SpoilerTV - TV Spoilers

Creepshow - Mums/Queen Bee - Review

 



SPOILERS AHEAD - PLEASE DON'T READ UNLESS YOU'VE WATCHED CREEPSHOW 03.01! Yes, you've been warned!


Mums: 

Tales From the Hood director Rusty Cundieff (who directed a segment last season) directs this Joe Hill adaptation. Here, a young boy experiences growing pains growing up in a mysterious small town with a deadly secret. It seems none of the adults will tell him what is really going on in his small town, leaving him to discover the awful truth of his backyard garden on his own. 

I felt Gregory Nicotero & David J. Schow did a decent job capturing the creepy, nostalgic domestic feel Joe Hill is known for. Don't forget two of his stories have already been adapted (one of which was for last year's Halloween special that I didn't cover for this site and the other was for the first season finale that I did). Though the twist ending did owe a little too much to the ending of the original Little Shop of Horrors (which Shudder recently brought back into the limelight when Joe Bob Briggs aired it on his show recently), I felt the kitsch-y tone, make-up, and acting all worked together to produce an enjoyable little critique of home garden culture. Not a bad season opener.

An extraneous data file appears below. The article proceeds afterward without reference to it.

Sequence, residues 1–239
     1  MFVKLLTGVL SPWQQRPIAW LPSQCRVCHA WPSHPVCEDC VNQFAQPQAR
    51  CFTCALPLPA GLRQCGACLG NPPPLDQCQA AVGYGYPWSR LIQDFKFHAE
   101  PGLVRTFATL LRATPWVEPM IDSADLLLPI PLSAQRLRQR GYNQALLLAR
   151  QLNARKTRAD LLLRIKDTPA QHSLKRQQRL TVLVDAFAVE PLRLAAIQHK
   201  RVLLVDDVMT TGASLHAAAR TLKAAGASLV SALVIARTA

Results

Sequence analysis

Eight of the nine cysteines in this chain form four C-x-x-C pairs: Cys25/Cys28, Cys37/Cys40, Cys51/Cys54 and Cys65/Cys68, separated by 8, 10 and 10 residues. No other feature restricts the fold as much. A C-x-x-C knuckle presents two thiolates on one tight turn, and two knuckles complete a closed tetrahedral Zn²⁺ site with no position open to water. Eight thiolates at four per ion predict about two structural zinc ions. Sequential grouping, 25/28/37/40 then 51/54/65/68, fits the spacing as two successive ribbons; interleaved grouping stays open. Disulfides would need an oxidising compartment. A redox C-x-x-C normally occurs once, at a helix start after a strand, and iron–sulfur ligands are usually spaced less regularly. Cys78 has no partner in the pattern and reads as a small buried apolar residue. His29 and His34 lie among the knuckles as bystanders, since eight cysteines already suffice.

Queen Bee: 

 Greg Nicotero directs this devious satire of Gen Y media culture from an original story by Erik Sandoval & Michael Rousselet (you might remember their work last season on "Dead and Breakfast"). A young woman wins concert tickets to see her favorite singer/media influencer and she is able to bring along two of her best friends to meet her backstage....where the horrible truth of this media starlet (no, she is not based on Beyonce, that I can tell, anyway) is revealed. It goes without saying their lives will never be the same.

 A story like this was bound to get told on Creepshow. I enjoyed the gonzo make-up effects and creature design, but the media satire, nudges to the rumors of MK ultra, and twist ending were too on-the-nose and predictable for me. It wasn't really scary or suspenseful and ultimately felt like a stereotypical older man yelling at the youth of today, telling them things were better when they were their age (which granted, they probably were since they didn't have to deal with COVID-19 when going to concerts). Since the real life horrors of pandemic were completely ignored, I felt like this was just a missed opportunity.

Recommendations